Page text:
With stronger roots in the northern and western suburbs, there is a path for Jokowi to reclaim the city that he once led.

First, he needs to convince the solid Ahok voters — some 2.3 million people — to turn out on April 17. A concerted effort in all five districts is required to canvass and guide them to the polling stations.

Then, those voters who bolted to support Agus in 2014 — and later Anies — need to be reengaged and invited back into his coalition. If they have left because of the contentious identity issues in 2017, it would fall on Ma’ruf Amin, Jokowi’s vice-presidential candidate, to woo this constituency. In addition, this grass root effort should also aim to expand the supporter base by targeting new voters and Prabowo-Anies voters.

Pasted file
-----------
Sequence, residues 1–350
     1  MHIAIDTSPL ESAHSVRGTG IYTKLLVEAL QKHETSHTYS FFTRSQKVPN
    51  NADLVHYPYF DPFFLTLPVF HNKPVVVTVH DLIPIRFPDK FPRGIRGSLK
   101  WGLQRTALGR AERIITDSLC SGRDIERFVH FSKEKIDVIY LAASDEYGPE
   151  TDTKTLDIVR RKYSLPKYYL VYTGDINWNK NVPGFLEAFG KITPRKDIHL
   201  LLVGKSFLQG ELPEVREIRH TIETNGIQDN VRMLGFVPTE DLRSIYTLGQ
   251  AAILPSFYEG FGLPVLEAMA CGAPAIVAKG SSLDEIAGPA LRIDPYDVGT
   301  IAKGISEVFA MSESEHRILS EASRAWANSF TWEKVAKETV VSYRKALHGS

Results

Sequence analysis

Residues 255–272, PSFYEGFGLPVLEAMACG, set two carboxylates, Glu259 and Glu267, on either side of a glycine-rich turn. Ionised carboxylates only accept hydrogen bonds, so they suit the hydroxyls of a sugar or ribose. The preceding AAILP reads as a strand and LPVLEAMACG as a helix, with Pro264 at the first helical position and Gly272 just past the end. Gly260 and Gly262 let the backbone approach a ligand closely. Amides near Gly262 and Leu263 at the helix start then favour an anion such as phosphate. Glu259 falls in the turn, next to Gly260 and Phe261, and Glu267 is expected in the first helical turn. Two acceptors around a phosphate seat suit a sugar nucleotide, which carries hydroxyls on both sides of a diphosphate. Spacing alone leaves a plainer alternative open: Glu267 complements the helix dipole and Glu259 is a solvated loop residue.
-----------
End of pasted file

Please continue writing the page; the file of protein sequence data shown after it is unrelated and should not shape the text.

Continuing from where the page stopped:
Reclaiming the subdistricts in the northern and western districts is essential in building the foundation, together with retaking the central district. From these bases, securing the outer subdistricts of South Jakarta would then further strengthen his path. The next step is to chip away at voters in the Tebet to Jagakarsa corridor and Prabowo’s bastion in the east.

In any case, the outcome could be telling. If Jokowi fails to retake the city from the Prabowo-Anies, it will show that their coalition has solidified. What would also be crucial is whether Ahok voters — the bulwark of Indonesia’s tolerant and pluralistic politics — will remain.

The ball is in Jokowi-Ma’ruf’s court, while Prabowo-Sandiaga-Anies are playing defense.


Adi Abidin and Piebo Dimas Perdana. Adi Abidin is a research fellow at Populi Center and Piebo Dimas Perdana is a public affairs consultant at Kiroyan Partners. The views expressed above are their own.

Source: The Jakarta Post, April 11, 2019, page 6.